‘Soil erosion in Iran 2.5 times the world average’

November 11, 2017

TEHRAN — Iran has a mean soil loss rate of 16 tons per hectare per year, while the worldwide average is about 6 tons per hectare per year, deputy agriculture minister has said.

“It means that soil erosion in Iran is about 2.5 times more than worldwide average,” Ali-Morad Akbari said in an interview with Mehr news agency published on Friday. 

The effects of soil erosion go beyond the loss of fertile land. It has led to increased pollution and sedimentation in streams and rivers, clogging these waterways and causing declines in fish and other species. And degraded lands are also often less able to hold onto water, which can worsen flooding.

The simplest and most natural way to prevent erosion is through planting vegetation, building retaining walls around the area of erosion to prevent water runoff, and also encouraging contour ploughing to help reducing soil erosion, Akbari noted. 

Soil is the earth’s fragile skin that anchors all life on Earth. It is comprised of countless species that create a dynamic and complex ecosystem and is among the most precious resources to humans.

The time needed to form a soil depends on the latitude; in environments characterized by a mild climate, it takes 200-400 years to form 1 cm of soil;  in wet tropical areas soil formation is faster, as it takes 200 years, but in order to accumulate enough substances to make a soil fertile it takes 3000 years.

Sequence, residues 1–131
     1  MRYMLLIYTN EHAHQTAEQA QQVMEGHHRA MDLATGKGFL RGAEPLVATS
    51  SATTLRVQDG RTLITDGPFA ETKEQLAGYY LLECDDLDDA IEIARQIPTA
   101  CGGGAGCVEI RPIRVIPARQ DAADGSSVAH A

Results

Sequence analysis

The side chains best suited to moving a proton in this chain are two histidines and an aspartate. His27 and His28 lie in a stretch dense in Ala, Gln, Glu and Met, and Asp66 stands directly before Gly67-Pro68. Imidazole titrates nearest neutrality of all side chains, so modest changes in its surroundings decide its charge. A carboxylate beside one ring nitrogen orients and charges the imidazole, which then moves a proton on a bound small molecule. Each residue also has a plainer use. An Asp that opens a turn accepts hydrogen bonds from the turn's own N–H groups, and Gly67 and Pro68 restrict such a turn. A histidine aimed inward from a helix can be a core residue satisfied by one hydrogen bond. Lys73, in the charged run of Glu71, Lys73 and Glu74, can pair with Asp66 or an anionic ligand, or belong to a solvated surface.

For these reasons the soil is considered as a non-renewable resource: once it has been destroyed, it is lost forever.

According to the World Wide Life (WWL) half of the topsoil on the planet has been lost in the last 150 years. In addition to erosion, soil quality is affected by other aspects of agriculture. These impacts include compaction, loss of soil structure, nutrient degradation, and soil salinity. 

Iran covers an area of 165 million hectares and is located in an arid and semi-arid area, Akbari said, adding, some 50 million hectares of lands are fertile but due to the limited water resources only some 18.5 million hectares are based in agricultural uses.

The point is, Akbari highlighted, only 1.3 million hectares of the agricultural lands are classified as best and most versatile land by being most suitable for growing crops. 

Another problem posing regarding the quality of the soil is shortages of minerals, the deputy said. “Salinity, soil contamination, over use of chemicals, industrial wastewater, etc., are constituting threats against soil sustainability in Iran.”

He further explained that the sixth five-year development plan (2016-2021) has tasked the government to take measures to improve 500 thousand hectares of agricultural soil annually.

He stated that soil improvement projects will cost some 3 trillion rials (nearly $75 million) but unfortunately the budget is yet to be allocated. 

Healthy soils are the foundation of food production and ought to become a key agenda item in public policy, as soil degradation would severely hamper agricultural productivity and since soils are essential for achieving food security losing it would endanger social and economic security alike, he warned.

The International Union of Soil Sciences (IUSS), in 2002, adopted a resolution proposing the 5th of December as World Soil Day to celebrate the importance of soil as a critical component of the natural system and as a vital contributor to human wellbeing.

World Soil Day 2017 activities aim to communicate messages on the importance of soil quality for food security, healthy ecosystems and human well-being. 

MQ/MG
 

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